Habitat destruction and overhunting have reduced the population of 20,000 Persian gazelle to less than 500 in habitats of South Khorasan province, putting the species in danger of extinction.
The goitered or black-tailed gazelle is a gazelle found in Georgia, Azerbaijan, Iran, parts of Iraq and Pakistan, Afghanistan, Tajikistan, Kyrgyzstan, Uzbekistan, Turkmenistan, Kazakhstan, and in northwest China and Mongolia.
Goitered gazelle are medium-sized, lightly built ungulates; however, they have a more robust body type than most other Asian Gazella species. Goitered gazelle get their name from the goiter-like enlargement on their larynx. Adult males have long, black horns that are 203 to 340 mm long, which are close together at their base and curve away from each other toward the distal ends. Unlike most other gazelle species, females are generally hornless.
Persian deer is a rare species in the east of the country that has been in danger of declining population over the past 70 years, Hassan Akbari, head of the provincial department of environment said.
For several years now, we have been creating protected areas to prevent the goitered gazelle population from declining and breed this rare species, he noted.
During this 20-year period, numerous efforts have been made to increase the protected lands in the province, and now seven protected areas and three wildlife sanctuaries are reproducing the species, he highlighted.
In last 40 yrs, 60% of world species lost. In KZ, we help sustain biodiversity by protecting rare species -#SnowLeopard, Persian Gazelle, #Saksaul, #WildApples, providing satellite & photo equipment for monitoring purposes, and creating genetic seed banks for plants. #WWD2020 pic.twitter.com/oqhGV4uDHx— UNDP Kazakhstan 🇰🇿 (@UNDPKAZ) March 3, 2020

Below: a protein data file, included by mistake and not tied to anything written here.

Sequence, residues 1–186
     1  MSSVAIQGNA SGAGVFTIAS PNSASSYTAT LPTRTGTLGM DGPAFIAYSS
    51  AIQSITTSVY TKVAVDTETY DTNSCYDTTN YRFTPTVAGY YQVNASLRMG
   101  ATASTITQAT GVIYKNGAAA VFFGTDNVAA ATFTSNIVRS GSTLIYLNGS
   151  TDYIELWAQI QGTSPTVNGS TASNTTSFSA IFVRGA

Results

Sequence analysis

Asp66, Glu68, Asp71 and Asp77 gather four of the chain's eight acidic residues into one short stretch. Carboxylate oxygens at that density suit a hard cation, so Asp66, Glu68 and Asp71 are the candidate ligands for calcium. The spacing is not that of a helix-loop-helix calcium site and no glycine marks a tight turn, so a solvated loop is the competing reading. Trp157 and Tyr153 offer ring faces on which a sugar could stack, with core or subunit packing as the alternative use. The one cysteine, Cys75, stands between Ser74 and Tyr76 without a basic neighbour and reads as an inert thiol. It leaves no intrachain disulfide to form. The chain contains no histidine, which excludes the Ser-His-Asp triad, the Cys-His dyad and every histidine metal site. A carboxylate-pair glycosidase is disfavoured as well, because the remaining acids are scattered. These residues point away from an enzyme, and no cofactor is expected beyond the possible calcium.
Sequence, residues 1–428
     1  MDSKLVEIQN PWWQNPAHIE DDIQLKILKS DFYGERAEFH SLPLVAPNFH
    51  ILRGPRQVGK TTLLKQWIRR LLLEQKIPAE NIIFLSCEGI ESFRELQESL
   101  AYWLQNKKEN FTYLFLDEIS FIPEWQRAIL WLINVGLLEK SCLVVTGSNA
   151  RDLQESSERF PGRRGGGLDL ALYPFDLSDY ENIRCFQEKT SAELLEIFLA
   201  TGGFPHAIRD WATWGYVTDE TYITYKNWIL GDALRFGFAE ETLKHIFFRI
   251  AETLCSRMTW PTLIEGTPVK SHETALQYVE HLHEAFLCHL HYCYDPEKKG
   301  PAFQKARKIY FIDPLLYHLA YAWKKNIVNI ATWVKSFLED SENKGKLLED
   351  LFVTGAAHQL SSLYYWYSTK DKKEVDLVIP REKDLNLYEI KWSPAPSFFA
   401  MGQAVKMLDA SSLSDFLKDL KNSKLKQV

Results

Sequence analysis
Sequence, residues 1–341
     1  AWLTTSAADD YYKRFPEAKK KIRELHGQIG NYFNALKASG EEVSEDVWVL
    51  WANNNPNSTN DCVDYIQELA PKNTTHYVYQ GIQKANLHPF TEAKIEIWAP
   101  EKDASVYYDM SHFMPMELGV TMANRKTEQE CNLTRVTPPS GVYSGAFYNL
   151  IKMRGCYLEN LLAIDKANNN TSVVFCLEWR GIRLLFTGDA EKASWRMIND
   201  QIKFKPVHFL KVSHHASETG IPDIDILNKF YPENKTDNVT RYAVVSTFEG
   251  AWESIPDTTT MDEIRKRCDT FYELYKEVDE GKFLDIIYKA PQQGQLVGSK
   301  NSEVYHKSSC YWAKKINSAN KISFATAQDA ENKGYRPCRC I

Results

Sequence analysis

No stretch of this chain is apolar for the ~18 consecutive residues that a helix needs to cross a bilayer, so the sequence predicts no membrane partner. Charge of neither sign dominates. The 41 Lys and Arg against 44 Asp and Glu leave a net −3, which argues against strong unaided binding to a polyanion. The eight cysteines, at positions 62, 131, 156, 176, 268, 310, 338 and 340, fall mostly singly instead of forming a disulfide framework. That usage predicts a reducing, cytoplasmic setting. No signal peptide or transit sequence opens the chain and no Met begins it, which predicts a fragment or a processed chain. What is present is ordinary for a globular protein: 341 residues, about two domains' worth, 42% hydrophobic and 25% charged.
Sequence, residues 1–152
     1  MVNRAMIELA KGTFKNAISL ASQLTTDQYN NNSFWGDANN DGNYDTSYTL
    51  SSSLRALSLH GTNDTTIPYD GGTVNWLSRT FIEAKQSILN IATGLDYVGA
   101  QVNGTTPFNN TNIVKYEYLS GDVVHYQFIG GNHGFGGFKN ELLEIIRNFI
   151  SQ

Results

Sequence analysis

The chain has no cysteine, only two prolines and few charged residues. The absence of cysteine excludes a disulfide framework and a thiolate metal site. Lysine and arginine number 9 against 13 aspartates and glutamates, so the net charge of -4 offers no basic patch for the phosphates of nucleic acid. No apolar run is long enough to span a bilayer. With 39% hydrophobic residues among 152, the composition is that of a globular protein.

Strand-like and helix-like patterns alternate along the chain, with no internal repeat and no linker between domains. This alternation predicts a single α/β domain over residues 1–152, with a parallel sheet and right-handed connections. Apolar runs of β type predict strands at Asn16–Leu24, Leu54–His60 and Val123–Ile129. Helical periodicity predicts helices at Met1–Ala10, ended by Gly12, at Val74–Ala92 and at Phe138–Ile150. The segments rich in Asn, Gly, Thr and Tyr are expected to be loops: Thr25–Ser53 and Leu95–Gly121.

He went on to note that however, more habitats are needed to revive the gazelle, ISNA reported on Sunday.
Plains, where there are fewer natural barriers to defend the wildlife, have made hunting easier so that in two to three decades, almost a large number of their populations have been hunted, he said.
Drought, lack of food, and water have forced the animals to leave their habitats and enter insecure areas and agricultural lands, which have unfortunately caused them to be trapped and speed up the extinction pace, he further lamented.
Currently, two breeding centers in the province are home to over 150 Persian gazelles, he said, adding, the species that survive in breeding centers have low genetic diversity, and cannot prevent extinction but can help ecotourism.
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